If instead bidder C bids high. 1. Despite the value created by the merger. if A’s budget limit constrains it to bid no more than $1.2 billion for the package). which makes shill bidding and loser collusion unprofitable. if bidder C bids zero. In the first example above. changing bidder 1’s values in this way forces the others to pay at least $2 billion in total to win. so its budget is always adequate to make its Vickrey payment. Then. In either case.1 billion or it may have access to a substitute license from another source. depending on the last bidder’s decision. Its two competitors. the Vickrey auction creates a significant bias in decisions about technology and organization.6 Frontiers of Theoretical Economics Vol. Since these are inconsistent. each want only one license. the Vickrey outcome was not in the core. because bidder 1 has value only for the entire package. are mitigated in various degrees by the ascending proxy auction. described below. the parties would find this merger 9 This collusion example is based on a suggestion by Jeremy Bulow. and increase the total value of the licenses from $4 billion to $5 billion. 11 Che and Gale (1998) analyze revenue differences among first-price and second-price auctions in the presence of budget constraints. then it has no dominant strategy.2 billion for any package. If we modified the examples to make the licenses substitutes. Article 1 two bidders each of whom is willing to pay $0. The remaining weaknesses. but can spend only $1. A fourth weakness of the Vickrey auction is that its dominant strategy property depends on unlimited bidder budgets. by specifying that bidder 1 was willing to pay $1 billion for each license rather than just $2 billion for the pair.5 billion for one license. The first three weaknesses described above are all remedied by our basic ascending proxy auction.11 To illustrate. For suppose bidders 2 and 3 could merge. by themselves. The distinction between valuations that are substitutes and the remaining cases plays a decisive role in the general theory we develop. say.9 Notice that these first three weaknesses are illustrated in examples in which the licenses are not all substitutes. which is a competitive payment in the sense that the payoff outcome lies in the core. In a Vickrey auction. The coalition consisting of the seller and bidder 1 could “block” the Vickrey outcome since.com/bejte/frontiers/vol1/iss1/art1 . then those bidders could profitably collude by both raising their bids to $2 billion. 10 http://www. consider an auction in which a certain bidder A has values of $1 billion for a single license or $2 billion for two licenses based on the profits it can earn. A’s best reply requires that it bid less than $400 million for a single license (and. bidder A should win either two licenses or one. its total payment will be $800 million. bidding $800 million for a single license. and the fourth is remedied by a variation on that auction.bepress. but the Vickrey outcome gave them only a payoff of zero. In the unmodified example. they earn a coalition payoff of $2 billion. Bidder B is willing to pay $800 million for a license. Yet. in which case it will bid zero. suppose that bidder B plays its dominant strategy. A has no dominant strategy. bidders B and C. for example. then A’s best reply entails bidding more than $800 million for a single license.10 In the shill bidding and collusion examples. adopt a coordinated technology. then the identified problems would vanish. No. The seller would get a total payment of $2 billion in the first example. Bidder C may be willing to pay $1. $1. but they are not completely resolved. becoming winners and paying prices of zero.2 billion to buy licenses. For example. 1 [2002].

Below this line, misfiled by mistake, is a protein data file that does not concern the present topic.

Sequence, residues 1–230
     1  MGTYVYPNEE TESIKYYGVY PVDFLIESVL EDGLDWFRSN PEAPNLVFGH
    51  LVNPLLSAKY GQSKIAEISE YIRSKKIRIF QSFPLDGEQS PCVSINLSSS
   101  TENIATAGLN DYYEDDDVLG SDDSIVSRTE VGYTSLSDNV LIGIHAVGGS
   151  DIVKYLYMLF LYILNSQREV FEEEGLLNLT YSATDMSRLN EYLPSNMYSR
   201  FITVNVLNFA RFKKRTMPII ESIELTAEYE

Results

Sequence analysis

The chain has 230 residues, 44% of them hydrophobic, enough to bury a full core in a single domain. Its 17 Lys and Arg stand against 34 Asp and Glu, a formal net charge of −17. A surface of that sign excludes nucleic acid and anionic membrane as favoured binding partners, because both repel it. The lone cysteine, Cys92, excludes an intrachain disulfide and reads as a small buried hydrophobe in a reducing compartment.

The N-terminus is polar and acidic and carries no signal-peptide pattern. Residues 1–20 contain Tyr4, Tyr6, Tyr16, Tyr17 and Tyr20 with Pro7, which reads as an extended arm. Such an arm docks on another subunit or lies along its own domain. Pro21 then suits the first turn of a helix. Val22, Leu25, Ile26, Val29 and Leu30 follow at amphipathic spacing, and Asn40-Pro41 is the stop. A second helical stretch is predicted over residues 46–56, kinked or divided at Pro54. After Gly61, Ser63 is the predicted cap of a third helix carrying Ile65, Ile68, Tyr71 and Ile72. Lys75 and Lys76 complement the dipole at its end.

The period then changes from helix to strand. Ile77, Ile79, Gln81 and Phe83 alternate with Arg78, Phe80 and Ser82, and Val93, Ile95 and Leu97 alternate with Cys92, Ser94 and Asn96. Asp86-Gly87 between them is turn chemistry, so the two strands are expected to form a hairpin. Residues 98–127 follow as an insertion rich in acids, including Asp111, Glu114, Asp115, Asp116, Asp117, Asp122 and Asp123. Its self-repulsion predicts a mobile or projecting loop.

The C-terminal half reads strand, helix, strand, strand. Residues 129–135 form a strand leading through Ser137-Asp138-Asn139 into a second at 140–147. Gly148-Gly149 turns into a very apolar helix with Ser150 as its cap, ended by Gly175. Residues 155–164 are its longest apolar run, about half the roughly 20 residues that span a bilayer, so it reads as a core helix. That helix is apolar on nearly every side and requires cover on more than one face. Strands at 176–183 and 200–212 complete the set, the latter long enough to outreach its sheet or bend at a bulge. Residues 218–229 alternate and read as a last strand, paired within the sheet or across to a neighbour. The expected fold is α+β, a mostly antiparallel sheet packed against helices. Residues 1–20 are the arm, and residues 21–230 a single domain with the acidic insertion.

See also the discussion of advantages of ascending auctions over sealed-bid auctions in the Introduction of Ausubel (1997a). particularly when the asset valuation process requires substantial human inputs. For package auctions. When the assets in the collection interact in complex ways that affect the optimal business plan.20). 2004 . even when both have made the same bids for those allocations.12. the sheer number of combinations that a bidder must evaluate makes that assumption especially dubious. it will consider labor and contractual constraints. A valuation for a bidder is a triple (x. Another potentially significant issue is the cost of determining valuations. 13 This topic has recently attracted the attention of several researchers.z). When package evaluation is costly. and the package XY. See Parkes. In our experience. suppose the items offered in an auction are {ABCD}. The result is that A and B will each be awarded an item (at an efficient allocation. The final valuation is the result of an optimization over business plans using all this information. A traditional assumption in auction theory analyses is that each bidder knows all its values or can compute them at a zero cost. because the amount they would have to pay in the Vickrey auction would rise from zero to $2 billion. auction design should account for the way those choices are made as well as the evaluation costs that bidders incur. suppose there are two bidders—A and B—and two items—X and Y.12 Potential buyers who find it too expensive to investigate every packaging alternative will instead choose a few packages to evaluate fully. In comparison. In a Vickrey auction or any sealed bid auction. then significant extra costs must be incurred to evaluate each package. For example. specifying how much the bidder would be willing to pay for item X alone.13) and (12. actual and potential transmission capacity. 14 To illustrate the price discrimination problem. Ungar and Foster (1999). a bidder hoping to purchase parts of an electrical generating portfolio might investigate the physical condition of each plant. either bidder may get either item) at prices of 8 and 1 respectively. It is unlikely to be an effective strategy to bid for package AB unless someone else is bidding either on CD or on C and D separately. Suppose the parties report valuations of (12.Ausubel and Milgrom: Ascending Package Auctions 7 unprofitable.y. Total profits would therefore fall from $4 billion to $3 billion. and so on. the availability of land and water for cooling to allow plant expansion. the condition of markets in which power might be sold. bidder valuation costs are relatively less affected by advancing technologies. Produced by The Berkeley Electronic Press. if it is too costly to evaluate all the packages. a multi-round ascending auction economizes on the need to guess because bidders can adapt their plans based on observations made during the auction. valuing significant business assets involves both investigating the asset itself and creating business plans showing how they will be used.12. the interacting choices that bidders make about which packages to evaluate further complicate the analysis. In addition. Compte and Jehiel (2000). even though the items are perfect substitutes and bidders A and B made identical bids for the individual items. item Y alone.14 Such discriminatory pricing may be illegal and is often regarded as “unfair. Ideally. and tempered by human judgment.13 Another characteristic of the Vickrey auction that is sometimes considered a drawback is its use of explicit price discrimination: two bidders may pay different prices for identical allocations. and Rezende (2000). and other physical variables. Compared to most of the other costs involved in conducting combinatorial auctions. partnerships that might enhance the asset value. zoning and other regulatory constraints. For example. then bidders must guess about which packages are most relevant and how to allocate their limited evaluation resources.” 12 The nature of human inputs to the valuation process is a matter of controversy among auction consultants. discouraging the efficient reorganization.